Adams greets prince on first day of royal visit

Adams greets prince on first day of royal visit


Sinn Fein leader Gerry Adams caused controversy today when he met  ‘Prince of Wales’ Charles Windsor in a meet-and-greet opportunity during  the first day of his four-day royal tour through Ireland.

Mr Adams arrived at the National University of Ireland, Galway at about  midday and said he presumed he would shake Charles’ hand during his  visit to the college. He said he hoped the meeting would contribute to  reconciliation in the north of Ireland.

“I don’t have any expectations other than this being an engagement which  I hope is symbolic and practical, and will assist that entire process,”  he said.

After some behind-the-scenes choreography, Charles approached Adams and  while gripping a cup of tea, exchanged pleasantries before Adams  introduced him to local Sinn Fein representative Trevor O Clochartaigh.

In Derry and Belfast, relatives of some of those killed at the hands of  Charles’ Parachute Regiment in the Bloody Sunday and Ballymurphy  massacres led protests against the visit, and reiterated their demands  for truth and justice.

There were also calls for the British government to finally hand over  files relating to the Dublin and Monaghan bombings, which took place 41  years ago this week. Sinn Fein’s MP for west Belfast Paul Maskey joined  the Ballymurphy protest, even as his party leader was preparing to  welcome the royal visitors.

In a statement issued ahead of the meeting, Adams noted that the prince  had been bereaved by an IRA attack in which his cousin, (‘Earl’) Louis  Mountbatten, was killed in 1979. But he also said that Charles’s  regiment in the British Army had been directly responsible for the  murder of scores of Irish civilians.

“Prince Charles is Colonel-in-chief of the Parachute Regiment, a unit of  the British army responsible for killing many Irish citizens, including  in Derry, Ballymurphy, Springhill and other communities across the  north.”

“But he also has been bereaved by the actions of republicans. Thankfully  the conflict is over. But there remains unresolved injustices. These  must be rectified and a healing process developed.”

Tory party grandee, (‘Lord’) Norman Tebbit, accused Mr Adams of having a  “guilty conscience” for saying that British Army paratroopers were  responsible for a number of massacres.

Tebbit, the former Cabinet minister who was himself injured in an IRA  bomb attack in 1984, said Adams’s references were the sign of a “guilty  conscience”. “It is what I would have expected,” he said. “Those with  the most guilty conscience talk the most.”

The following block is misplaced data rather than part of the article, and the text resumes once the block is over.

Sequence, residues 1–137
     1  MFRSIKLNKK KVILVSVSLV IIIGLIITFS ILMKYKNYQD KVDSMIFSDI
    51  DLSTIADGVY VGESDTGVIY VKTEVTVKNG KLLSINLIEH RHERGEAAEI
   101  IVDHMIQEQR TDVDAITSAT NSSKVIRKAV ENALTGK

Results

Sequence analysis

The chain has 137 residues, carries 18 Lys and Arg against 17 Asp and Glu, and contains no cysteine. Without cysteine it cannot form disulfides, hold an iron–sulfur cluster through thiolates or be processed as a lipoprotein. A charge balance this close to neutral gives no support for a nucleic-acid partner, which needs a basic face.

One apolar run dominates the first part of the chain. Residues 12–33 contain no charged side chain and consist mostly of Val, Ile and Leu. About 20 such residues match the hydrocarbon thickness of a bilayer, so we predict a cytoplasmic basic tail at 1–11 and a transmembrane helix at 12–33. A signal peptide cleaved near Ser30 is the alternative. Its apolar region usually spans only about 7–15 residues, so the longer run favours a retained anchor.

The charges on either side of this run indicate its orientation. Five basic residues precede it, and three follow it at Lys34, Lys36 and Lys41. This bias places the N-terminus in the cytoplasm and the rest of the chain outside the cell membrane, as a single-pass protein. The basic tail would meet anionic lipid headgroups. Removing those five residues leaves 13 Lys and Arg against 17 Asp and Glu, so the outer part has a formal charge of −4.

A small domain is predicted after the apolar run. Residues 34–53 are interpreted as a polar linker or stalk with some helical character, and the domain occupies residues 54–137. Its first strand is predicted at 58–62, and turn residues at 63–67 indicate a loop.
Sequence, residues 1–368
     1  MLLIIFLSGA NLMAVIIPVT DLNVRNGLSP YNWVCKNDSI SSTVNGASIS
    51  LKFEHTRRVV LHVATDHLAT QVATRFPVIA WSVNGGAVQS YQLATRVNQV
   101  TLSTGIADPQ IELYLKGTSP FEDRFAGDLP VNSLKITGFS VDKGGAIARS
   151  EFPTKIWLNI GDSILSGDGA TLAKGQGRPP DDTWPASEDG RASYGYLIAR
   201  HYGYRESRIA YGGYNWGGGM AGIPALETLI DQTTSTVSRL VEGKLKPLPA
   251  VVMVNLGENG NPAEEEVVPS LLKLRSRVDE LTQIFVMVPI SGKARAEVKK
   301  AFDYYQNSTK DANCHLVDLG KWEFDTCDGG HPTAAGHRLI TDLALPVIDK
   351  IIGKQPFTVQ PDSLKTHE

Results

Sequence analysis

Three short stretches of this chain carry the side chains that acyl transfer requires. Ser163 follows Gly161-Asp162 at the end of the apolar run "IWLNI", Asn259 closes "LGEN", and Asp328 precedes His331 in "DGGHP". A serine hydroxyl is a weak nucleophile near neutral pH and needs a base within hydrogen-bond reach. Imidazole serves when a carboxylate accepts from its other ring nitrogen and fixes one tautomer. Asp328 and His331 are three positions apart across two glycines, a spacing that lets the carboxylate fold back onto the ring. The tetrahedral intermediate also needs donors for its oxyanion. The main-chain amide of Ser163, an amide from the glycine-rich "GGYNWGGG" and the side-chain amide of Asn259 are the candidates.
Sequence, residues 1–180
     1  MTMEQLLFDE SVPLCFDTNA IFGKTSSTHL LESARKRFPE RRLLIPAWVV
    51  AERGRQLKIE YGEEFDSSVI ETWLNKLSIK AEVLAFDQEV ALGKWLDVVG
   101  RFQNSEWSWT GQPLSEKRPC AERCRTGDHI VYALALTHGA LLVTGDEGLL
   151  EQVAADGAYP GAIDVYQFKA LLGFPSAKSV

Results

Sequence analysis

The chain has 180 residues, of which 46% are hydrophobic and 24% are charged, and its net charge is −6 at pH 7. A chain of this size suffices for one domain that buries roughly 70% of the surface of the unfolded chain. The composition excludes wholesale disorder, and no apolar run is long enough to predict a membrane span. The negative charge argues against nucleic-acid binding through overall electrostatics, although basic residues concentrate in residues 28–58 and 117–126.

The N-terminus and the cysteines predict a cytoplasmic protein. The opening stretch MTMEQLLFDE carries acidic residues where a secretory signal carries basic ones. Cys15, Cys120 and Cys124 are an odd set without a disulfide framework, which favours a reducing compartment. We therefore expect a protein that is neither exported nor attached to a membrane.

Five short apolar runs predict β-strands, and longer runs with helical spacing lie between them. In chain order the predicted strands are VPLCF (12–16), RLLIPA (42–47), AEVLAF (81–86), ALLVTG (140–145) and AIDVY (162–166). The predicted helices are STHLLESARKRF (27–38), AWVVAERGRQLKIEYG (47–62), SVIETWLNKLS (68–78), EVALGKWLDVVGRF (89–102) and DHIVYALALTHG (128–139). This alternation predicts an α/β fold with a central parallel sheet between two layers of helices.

Tomorrow, Lissadell House is part of the royal itinerary in Sligo, which  begins with a civic reception. Former Sinn Fein mayor of Sligo Sean  McManus, whose son Joseph was killed in a gun battle with British Crown  forces in the North in 1992, will attend the function.

Anti-monarchy campaigners who organised a roadside protest in Galway  condemned reports that Irish schoolchildren are being coached on how to  use royal protocol while speaking to Charles and his wife Camilla.

Meanwhile, republicans in Dublin are organising a vigil at 6pm this  evening at O’Connell Street in memory of all the victims of British  state violence.


Kate Nash, whose 19-year-old brother William was shot dead by British  Parachute Regiment soldiers during Bloody Sunday said she was furious at  Sinn Fein’s approach to the visit.

Thirteen people were shot dead by the British Army on Sunday, 30 January  1972 at a civil rights march in Derry. A 14th man died later from his  wounds.

“I’m disgusted and furious at the very fact that Sinn Fein are going to  be entertaining Prince Charles here. What they are doing is utterly  disgraceful. It’s indefensible.

“If Prince Charles did anything like use his influence to get the  disgraced parachute regiment disbanded, then I would welcome the man  himself,” she said.

“Sinn Fein are in the business of cleaning up the dirty war that was  inflicted on the people here during the troubles.”

Ms Nash said she failed to see what healing could be gained from the  meeting, and that her brother “has still not got justice.”

“It’s almost five years since we had an apology from the British prime  minister concerning Bloody Sunday and to date not one soldier has been  questioned about those crimes.

“Surely if the man (Prince Charles) has some integrity, he should reject  that title and use his influence to have the parachute regiment  disbanded.”

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